That Catch-22 will, said Bryan, be addressed during oral arguments by the government and Michaud's lawyer in a hearing slated for May 25.
For the moment, Mozilla has been stymied in its effort to see the exploit and determine whether it leveraged a Firefox vulnerability. But the open-source developer said it is not going to give up.
"We will continue pressing the point with the government that the safest thing to do for user security is to disclose whether or not there is a vulnerability in the Firefox code base and if so, allow it to be fixed," Denelle Dixon-Thayer, Mozilla's top lawyer, said in a statement. "We want people who identify security vulnerabilities in our products to disclose them to us, and we believe the default position for any government agency should be that vulnerabilities will be disclosed to the entity that can fix them."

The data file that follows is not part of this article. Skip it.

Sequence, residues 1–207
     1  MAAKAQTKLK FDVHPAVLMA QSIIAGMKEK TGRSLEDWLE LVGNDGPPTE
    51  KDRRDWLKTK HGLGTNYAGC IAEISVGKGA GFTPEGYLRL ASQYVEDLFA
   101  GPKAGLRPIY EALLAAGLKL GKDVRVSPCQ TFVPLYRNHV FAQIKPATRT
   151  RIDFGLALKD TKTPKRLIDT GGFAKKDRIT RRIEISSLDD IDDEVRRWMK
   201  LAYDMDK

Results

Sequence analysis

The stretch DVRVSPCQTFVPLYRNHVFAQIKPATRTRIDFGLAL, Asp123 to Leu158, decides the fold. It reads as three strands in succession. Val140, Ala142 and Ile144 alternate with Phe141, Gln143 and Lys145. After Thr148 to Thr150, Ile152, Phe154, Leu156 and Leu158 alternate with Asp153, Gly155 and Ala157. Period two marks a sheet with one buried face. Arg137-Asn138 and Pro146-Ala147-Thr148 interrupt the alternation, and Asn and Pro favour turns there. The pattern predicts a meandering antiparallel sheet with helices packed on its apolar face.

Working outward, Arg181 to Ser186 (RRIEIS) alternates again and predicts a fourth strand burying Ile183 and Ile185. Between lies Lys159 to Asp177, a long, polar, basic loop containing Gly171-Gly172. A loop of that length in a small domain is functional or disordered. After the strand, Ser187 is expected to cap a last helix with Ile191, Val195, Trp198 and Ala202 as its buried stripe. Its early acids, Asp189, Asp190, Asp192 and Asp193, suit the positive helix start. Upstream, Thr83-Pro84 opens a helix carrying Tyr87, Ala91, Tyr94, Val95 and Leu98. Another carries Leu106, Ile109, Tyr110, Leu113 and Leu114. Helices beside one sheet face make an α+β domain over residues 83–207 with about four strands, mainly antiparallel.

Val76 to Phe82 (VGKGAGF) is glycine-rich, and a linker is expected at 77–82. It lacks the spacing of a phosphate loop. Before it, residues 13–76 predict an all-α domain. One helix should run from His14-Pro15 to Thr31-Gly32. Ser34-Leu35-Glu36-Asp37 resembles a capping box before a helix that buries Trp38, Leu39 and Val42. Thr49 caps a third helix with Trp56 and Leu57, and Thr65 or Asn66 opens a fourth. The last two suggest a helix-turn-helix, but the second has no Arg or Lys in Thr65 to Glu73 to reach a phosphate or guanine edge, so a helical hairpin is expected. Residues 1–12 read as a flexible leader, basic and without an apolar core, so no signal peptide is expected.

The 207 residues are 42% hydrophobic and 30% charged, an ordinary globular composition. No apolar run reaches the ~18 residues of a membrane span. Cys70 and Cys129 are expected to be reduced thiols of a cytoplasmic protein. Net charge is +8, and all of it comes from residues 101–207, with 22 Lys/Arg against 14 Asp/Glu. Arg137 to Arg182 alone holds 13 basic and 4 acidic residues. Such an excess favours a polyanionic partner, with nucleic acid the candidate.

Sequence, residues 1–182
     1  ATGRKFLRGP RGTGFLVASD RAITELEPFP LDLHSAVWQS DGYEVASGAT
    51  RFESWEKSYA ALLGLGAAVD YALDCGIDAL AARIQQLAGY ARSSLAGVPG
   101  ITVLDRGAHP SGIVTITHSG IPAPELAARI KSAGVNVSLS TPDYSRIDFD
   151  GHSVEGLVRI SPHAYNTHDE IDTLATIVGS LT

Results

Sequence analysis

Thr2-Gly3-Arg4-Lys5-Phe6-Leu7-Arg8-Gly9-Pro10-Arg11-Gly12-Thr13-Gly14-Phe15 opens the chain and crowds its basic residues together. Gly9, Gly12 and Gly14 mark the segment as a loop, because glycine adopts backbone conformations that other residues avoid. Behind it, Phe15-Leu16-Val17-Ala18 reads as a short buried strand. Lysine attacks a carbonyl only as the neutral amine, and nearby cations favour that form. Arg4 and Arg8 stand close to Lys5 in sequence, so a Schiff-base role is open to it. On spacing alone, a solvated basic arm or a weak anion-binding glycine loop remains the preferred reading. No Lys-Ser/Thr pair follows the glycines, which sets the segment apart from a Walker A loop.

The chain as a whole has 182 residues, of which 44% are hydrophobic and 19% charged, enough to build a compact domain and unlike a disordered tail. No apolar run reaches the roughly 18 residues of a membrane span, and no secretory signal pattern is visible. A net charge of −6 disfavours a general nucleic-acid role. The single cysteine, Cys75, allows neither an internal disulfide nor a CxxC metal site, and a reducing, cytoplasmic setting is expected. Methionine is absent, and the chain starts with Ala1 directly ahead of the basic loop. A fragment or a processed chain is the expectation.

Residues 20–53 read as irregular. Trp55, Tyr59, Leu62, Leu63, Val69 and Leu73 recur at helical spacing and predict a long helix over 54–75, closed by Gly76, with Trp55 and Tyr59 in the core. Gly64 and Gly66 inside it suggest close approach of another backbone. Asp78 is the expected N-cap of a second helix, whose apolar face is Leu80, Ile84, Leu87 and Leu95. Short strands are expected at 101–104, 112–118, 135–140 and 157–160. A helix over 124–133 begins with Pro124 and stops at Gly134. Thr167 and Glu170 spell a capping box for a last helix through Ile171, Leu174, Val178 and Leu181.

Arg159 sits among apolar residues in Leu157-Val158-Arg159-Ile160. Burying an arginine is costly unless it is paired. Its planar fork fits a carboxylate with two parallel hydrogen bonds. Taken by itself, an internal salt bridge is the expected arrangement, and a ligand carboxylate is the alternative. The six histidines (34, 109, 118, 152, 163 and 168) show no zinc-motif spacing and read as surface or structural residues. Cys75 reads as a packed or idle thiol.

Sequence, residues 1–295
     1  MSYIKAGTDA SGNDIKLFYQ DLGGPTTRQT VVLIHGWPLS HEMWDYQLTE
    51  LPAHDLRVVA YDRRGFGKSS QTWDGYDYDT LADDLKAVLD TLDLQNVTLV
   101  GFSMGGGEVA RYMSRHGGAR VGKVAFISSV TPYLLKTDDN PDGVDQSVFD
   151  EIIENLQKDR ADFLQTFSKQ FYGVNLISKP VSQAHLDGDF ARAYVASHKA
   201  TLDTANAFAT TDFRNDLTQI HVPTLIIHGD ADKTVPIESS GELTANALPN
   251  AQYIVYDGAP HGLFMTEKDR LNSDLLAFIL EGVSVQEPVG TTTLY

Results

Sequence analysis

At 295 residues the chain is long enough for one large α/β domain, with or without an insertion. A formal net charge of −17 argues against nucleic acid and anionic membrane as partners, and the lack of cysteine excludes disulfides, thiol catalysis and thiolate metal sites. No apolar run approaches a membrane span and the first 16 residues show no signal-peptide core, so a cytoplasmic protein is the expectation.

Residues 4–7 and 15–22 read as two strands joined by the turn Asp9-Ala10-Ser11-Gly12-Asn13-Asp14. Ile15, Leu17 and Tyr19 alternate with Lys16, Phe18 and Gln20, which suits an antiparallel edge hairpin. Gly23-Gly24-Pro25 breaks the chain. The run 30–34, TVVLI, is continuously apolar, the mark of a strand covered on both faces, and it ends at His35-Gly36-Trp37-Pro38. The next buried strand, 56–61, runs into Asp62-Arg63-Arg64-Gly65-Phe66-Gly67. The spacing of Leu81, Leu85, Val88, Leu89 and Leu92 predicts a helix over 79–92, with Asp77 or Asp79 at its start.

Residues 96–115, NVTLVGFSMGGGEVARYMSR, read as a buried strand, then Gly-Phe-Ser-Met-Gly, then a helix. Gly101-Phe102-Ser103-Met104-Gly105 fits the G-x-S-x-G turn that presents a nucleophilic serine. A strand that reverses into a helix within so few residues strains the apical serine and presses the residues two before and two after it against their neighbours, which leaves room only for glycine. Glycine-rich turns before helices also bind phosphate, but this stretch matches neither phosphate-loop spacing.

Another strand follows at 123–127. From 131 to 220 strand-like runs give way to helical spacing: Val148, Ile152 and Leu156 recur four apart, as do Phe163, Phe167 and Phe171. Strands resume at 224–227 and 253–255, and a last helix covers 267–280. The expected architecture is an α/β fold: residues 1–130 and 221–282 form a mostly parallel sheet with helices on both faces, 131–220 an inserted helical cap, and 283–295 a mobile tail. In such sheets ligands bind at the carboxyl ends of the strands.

Dixon-Thayer's call for "the default position of any government agency" has little chance of being answered.
Last month, in a much higher-profile case, the FBI said it would not reveal to Apple how a terrorist's iPhone password was cracked, saying it had only paid for the use of the exploit, not the exploit itself. For the same reason, the FBI said it was not going to bring the iOS bug before the Vulnerabilities Equities Process (VEP) panel, a group that decides whether a flaw used by a U.S. government agency should be passed along to the vendor for patching.
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